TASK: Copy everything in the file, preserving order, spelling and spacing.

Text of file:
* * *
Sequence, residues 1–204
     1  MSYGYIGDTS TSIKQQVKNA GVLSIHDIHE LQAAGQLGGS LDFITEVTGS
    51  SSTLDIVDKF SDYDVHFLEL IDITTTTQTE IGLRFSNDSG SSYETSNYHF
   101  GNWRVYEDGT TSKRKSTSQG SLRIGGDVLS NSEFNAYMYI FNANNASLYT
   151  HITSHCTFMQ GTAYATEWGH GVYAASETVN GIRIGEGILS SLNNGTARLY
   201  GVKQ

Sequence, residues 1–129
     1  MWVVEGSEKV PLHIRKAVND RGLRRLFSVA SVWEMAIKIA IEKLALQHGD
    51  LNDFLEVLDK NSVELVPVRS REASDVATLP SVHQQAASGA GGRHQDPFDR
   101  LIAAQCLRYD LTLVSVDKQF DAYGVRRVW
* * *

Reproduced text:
Sequence, residues 1–204
     1  MSYGYIGDTS TSIKQQVKNA GVLSIHDIHE LQAAGQLGGS LDFITEVTGS
    51  SSTLDIVDKF SDYDVHFLEL IDITTTTQTE IGLRFSNDSG SSYETSNYHF
   101  GNWRVYEDGT TSKRKSTSQG SLRIGGDVLS NSEFNAYMYI FNANNASLYT
   151  HITSHCTFMQ GTAYATEWGH GVYAASETVN GIRIGEGILS SLNNGTARLY
   201  GVKQ

Sequence, residues 1–129
     1  MWVVEGSEKV PLHIRKAVND RGLRRLFSVA SVWEMAIKIA IEKLALQHGD
    51  LNDFLEVLDK NSVELVPVRS REASDVATLP SVHQQAASGA GGRHQDPFDR
   101  LIAAQCLRYD LTLVSVDKQF DAYGVRRVW